The question is this; can information that has been uploaded to the Google Translate web site still be considered confidential or privileged if Google can freely use and distribute the content in any way it chooses? This not to say that Google Translate is a bad service. On the contrary, this free service is a perfect fit for many, however, using it for translating legal documents is questionable.
The Google Translate site is a free, “open to all” service that forces you to upload documents one at a time and has potential issues around confidentiality. The better and lower cost solution for legal translations is to do it automatically from within your own storage and data management solution.
Microsoft’s Azure is a cloud-based platform that is a cloud computing system that enables vendors to build native Azure applications that can provide a wide range of powerful services from within the Azure cloud.
In recent news, Microsoft just announced the availability of Azure Cognitive and Media Services. These new services provide audio and video file capabilities for automatic indexing and transcription of audio and video content as well as automatic real-time translations of documents into (currently) 53 languages. These capabilities, built around Microsoft’s machine learning technology, enables vendors to build storage and information governance applications which include these powerful service capabilities.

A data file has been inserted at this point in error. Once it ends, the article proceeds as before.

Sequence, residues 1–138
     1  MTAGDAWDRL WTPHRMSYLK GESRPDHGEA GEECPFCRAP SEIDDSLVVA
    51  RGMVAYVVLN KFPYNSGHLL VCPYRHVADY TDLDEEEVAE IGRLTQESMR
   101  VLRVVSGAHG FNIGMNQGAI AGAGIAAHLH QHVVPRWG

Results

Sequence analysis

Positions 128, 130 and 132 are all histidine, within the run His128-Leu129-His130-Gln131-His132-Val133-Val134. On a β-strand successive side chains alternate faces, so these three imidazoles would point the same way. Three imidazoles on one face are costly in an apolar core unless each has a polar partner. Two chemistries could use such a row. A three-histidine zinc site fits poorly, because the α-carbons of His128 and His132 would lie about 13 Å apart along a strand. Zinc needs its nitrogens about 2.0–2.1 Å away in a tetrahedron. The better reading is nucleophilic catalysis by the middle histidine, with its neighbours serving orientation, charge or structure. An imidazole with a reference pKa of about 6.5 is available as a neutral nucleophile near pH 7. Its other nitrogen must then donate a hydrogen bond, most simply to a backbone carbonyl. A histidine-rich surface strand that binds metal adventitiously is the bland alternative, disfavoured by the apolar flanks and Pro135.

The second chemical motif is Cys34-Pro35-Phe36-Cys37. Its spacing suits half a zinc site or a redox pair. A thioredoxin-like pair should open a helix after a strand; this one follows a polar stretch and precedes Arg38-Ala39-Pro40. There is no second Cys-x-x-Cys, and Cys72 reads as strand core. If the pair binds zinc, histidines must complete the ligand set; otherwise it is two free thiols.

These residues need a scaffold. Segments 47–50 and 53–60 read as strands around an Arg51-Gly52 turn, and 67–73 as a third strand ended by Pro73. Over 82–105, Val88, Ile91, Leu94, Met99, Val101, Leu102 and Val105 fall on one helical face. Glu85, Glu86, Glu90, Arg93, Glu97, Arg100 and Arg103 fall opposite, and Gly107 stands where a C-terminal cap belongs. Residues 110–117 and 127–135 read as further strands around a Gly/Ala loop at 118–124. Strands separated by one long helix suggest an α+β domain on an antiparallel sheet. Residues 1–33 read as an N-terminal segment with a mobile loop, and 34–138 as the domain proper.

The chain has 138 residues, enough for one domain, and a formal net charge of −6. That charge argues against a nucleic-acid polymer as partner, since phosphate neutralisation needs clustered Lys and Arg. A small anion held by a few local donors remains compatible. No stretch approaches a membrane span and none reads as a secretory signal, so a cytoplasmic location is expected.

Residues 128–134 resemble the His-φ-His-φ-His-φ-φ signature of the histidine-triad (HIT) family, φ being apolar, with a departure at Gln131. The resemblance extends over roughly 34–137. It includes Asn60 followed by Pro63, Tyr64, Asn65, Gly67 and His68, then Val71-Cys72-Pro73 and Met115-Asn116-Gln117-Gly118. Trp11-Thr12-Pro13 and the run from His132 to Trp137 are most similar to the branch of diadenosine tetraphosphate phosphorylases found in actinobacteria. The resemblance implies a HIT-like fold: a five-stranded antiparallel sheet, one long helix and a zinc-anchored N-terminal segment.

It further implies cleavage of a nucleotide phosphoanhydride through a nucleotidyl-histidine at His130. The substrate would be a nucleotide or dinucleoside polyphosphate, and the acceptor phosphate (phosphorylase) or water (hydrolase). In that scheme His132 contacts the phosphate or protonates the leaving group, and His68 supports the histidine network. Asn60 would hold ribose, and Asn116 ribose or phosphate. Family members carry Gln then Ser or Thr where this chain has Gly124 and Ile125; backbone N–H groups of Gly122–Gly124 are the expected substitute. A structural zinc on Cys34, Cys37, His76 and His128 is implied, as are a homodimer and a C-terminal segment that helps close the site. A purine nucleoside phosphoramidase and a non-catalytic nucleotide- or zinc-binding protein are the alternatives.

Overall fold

Archive360’s Archive2Azure now includes Azure Cognitive and Media Services. Archive2Azure is the industry’s first intelligent managed cloud archive specifically designed for long-term archiving of compliance and unstructured data on the Microsoft Azure platform. A major differentiator from other cloud archive vendors is that archived data is stored in its native format in your company’s Azure subscription. Azure and Archive2Azure offers complete access controls and encryption, controlled by you, not some proprietary cloud archive controlled by others.
Archive2Azure provides an intelligent cloud-based archive in which eDiscovery data sets can be uploaded, managed, and secured, with the ability to provide real-time translations of any number of documents immediately, while maintaining all original metadata. Archive2Azure includes a case management capability that includes access controls, tagging, review, translation, audio and video file transcription with full indexing, and export of data when needed. And again, your data is always stored in its native format in your Azure subscription with your encryption protocols.
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Bill is the Vice President of Global Compliance for Archive360. Bill brings more than 29 years of experience with multinational corporations and technology start-ups, including 19-plus years in the archiving, information governance, and eDiscovery markets. Bill is a frequent speaker at legal and information governance industry events and has authored numerous eBooks, articles and blogs.